New Home PC / Developer Rig

August 14, 2009

In honor of Windows 7, and my increasing frustration with my 4 year old DELL computer, I figured I would pony up and build myself a nice developer rig. Even though it is my home computer my typical usage is work related; Visual Studio(s), SQL Server, IIS, Virtual Machines, etc... My wife's typical usage is email and web browsing. We are not gamers at all; not even solitaire! The most graphic intense application I use would be Google Earth.

I was initially thinking RAID 0 15K rpm SAS drives with the new ASUS MB, but that bumped my cost up way too much. Plus, the performance benefit of RAID 0 doesn't outway the issue of losing one drive loses all data factor. So I decided to go with a single 300GB 10K RPM SATA drive. I don't need much in the way of disk space since all music, video, doc's, etc... are sitting on a file server (that needs to be upgraded).

The last PC I made was about 7 years ago. It was a beast of a machine with Dual SCSI CD drives and a DVD drive. Does one really need more than one optical drive these days? I don't remember the last time I needed to duplicate a disc.

Here is what my initial thoughts are. Starred rows are the upgraded components that I am not sure are worth it for my usage. This doesn't include monitors, which I desperately need, but will be holding off on.

Any comments would be appreciated. I want to get this project rolling ASAP!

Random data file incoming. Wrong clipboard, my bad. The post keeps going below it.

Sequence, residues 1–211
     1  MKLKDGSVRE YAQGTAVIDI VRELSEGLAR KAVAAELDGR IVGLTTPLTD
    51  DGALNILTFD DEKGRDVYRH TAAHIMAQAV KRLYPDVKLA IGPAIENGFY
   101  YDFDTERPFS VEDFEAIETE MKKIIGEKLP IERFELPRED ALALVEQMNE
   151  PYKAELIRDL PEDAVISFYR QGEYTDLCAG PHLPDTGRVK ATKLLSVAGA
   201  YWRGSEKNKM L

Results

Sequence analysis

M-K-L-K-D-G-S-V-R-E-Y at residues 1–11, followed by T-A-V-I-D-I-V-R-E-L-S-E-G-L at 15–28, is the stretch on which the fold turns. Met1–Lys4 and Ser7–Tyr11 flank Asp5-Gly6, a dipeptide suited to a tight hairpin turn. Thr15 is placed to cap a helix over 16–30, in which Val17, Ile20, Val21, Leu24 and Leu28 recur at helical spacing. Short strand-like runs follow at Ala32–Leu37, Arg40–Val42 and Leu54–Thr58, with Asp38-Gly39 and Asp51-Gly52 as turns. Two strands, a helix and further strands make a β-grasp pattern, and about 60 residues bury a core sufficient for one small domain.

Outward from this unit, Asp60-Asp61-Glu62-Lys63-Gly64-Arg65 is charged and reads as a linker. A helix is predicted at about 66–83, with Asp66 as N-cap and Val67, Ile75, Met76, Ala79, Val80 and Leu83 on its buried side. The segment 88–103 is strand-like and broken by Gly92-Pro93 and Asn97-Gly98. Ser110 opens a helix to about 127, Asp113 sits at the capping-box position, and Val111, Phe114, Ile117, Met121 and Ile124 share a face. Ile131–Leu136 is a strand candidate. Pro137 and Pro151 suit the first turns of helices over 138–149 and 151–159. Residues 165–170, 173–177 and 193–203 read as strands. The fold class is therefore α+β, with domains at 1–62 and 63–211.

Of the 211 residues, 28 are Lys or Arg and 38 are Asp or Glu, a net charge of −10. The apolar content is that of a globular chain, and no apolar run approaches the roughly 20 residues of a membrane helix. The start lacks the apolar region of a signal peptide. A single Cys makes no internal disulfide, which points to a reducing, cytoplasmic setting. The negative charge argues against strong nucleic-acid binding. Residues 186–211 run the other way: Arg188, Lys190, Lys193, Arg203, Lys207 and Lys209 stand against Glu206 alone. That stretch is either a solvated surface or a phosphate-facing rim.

Motherboard ASUS P6T Deluxe V2 $290
Video Sapphire HD 4770 512 MB $109
HDD Western Digital VelociRaptor 300GB 10000 RPM $230
DVD Sony Optiarc DVD/CD Burner $30
Card Reader SABRENT CRW-UINB 68-in-1 USB $13
* CPU i7-950 $570
- CPU Intel Core i7 920 Nehalem 2.66GHz $270
- Case/PSU Antec Sonata III 500  $110
* Case Antec P183 $155
* Extra Fan Antec 75003 120mm Case Fan $13
* PSU Antec earthwatts EA500 500W $70
  "Cheap" $1,366
  Expensive $1,739

Comments (1) -

John L

I would definitely go for two VelociRaptor's in RAID 0 as I would argue it is the single most noticeable performance improvement that you can generally do is increase your disk speed. Just build your machine in anticipation that it will die at any moment (which you should do anyway), with a good image and daily backups and you will be fine. I have been running RAID 0 on my main desktop's for the last 7 years and the rare occasion that you have a problem is worth the constant speed boost you get.

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